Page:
Spina CMS is "just Rails". That means you can build anything with Spina. It doesn't mean you should. Over the years we've developed strong opinions about what makes a good CMS. We've applied those lessons to Spina CMS, resulting in the following list of design principles.
Keep it simple
This one should be obvious, but it's worth repeating. Keep in mind who the end user is and build accordingly. Cut away the cruft. Not everything has to be editable.
Dare to be different
Web design is often criticized for being too boring and similar. Traditional CMSs make it difficult to create complex editable layouts, discouraging exciting design. Spina provides flexible content fields for everything you need – nothing more – and then goes out of your way.
HTML belongs in source code, not in a CMS. The end user shouldn't need to know what HTML is to edit their website.
What you see is what you get is a promise that fails to deliver. Instead, Spina includes easy to use page editing forms with clear labeling. It uses Trix for rich text fields. Page forms in Spina have zero optional fields so users don't have to guess.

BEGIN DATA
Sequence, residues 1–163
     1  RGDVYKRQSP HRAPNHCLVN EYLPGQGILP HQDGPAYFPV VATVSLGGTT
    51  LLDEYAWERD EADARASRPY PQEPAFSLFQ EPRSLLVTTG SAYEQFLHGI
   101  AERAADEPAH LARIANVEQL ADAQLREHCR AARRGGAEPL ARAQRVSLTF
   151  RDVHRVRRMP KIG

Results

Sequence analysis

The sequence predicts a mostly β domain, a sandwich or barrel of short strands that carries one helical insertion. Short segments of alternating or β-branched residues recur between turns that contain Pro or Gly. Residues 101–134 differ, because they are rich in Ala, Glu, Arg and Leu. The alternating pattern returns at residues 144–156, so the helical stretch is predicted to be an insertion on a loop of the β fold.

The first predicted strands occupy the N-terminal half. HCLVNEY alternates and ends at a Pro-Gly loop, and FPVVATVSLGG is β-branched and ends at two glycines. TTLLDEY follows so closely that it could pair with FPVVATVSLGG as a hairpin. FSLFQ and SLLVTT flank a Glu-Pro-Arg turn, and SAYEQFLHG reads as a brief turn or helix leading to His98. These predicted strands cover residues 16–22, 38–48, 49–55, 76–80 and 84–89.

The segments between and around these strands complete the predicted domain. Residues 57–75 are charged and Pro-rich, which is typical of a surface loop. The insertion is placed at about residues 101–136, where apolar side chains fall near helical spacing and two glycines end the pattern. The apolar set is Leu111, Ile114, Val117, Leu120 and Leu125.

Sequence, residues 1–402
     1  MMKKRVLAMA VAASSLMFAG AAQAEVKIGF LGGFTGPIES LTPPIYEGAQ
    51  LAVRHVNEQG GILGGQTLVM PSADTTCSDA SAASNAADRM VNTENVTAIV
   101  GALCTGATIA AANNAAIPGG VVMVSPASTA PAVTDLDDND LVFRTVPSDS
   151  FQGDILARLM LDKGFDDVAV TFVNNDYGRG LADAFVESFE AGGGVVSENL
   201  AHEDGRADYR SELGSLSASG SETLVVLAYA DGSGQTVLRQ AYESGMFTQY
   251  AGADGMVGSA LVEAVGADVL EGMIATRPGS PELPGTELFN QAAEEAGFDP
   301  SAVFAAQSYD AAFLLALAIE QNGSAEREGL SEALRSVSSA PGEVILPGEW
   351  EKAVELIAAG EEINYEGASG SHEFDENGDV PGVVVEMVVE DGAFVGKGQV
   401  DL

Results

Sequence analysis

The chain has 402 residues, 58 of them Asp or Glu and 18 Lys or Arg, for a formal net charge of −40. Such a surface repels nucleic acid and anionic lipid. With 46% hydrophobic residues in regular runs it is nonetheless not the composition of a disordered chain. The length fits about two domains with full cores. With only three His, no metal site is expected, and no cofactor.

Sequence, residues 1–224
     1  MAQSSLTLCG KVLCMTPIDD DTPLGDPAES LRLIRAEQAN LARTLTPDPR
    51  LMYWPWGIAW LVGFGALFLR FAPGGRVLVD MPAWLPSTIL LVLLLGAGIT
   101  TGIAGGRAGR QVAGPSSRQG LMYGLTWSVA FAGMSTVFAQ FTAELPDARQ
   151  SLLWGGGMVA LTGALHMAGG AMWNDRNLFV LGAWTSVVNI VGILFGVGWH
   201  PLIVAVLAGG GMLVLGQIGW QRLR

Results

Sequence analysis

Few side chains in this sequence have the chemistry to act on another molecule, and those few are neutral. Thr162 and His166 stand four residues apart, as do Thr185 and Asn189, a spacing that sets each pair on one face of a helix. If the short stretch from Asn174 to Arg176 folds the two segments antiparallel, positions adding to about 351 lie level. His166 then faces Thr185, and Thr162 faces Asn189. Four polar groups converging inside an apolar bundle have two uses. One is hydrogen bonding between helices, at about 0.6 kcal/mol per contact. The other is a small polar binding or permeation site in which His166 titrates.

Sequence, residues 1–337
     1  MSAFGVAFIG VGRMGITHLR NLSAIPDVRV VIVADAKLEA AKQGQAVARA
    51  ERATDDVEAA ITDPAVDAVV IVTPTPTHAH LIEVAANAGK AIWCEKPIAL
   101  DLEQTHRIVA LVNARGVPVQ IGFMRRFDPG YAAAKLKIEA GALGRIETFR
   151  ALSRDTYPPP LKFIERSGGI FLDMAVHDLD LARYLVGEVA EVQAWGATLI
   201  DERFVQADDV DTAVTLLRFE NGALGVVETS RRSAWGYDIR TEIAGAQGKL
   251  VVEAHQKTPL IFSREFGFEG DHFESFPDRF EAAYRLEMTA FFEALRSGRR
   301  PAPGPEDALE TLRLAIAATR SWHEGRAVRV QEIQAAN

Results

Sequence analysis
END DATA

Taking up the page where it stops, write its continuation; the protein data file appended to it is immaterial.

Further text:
Configuration happens in code
Everything a developer has to configure should be done in Ruby, not in Spina. Configuration rarely changes, storing it in version control is better than storing it in a database.
Be fast, without caching
Slow websites kill the user experience. Spina uses Postgres' JSONB-type to store all content as JSON. This makes pages screaming fast without having to worry about cache expiration. It's better to embed content directly on a page than to reference a different table.
Fewer dependencies is better
More dependencies equals harder maintenance. Spina tries to stick with the vanilla Rails stack as much as possible. That way there's little risk of getting trapped in dependency hell when upgrading down the line.
These design principles are what guide us when developing Spina, but are not set in stone. Feel free to adapt Spina to your needs!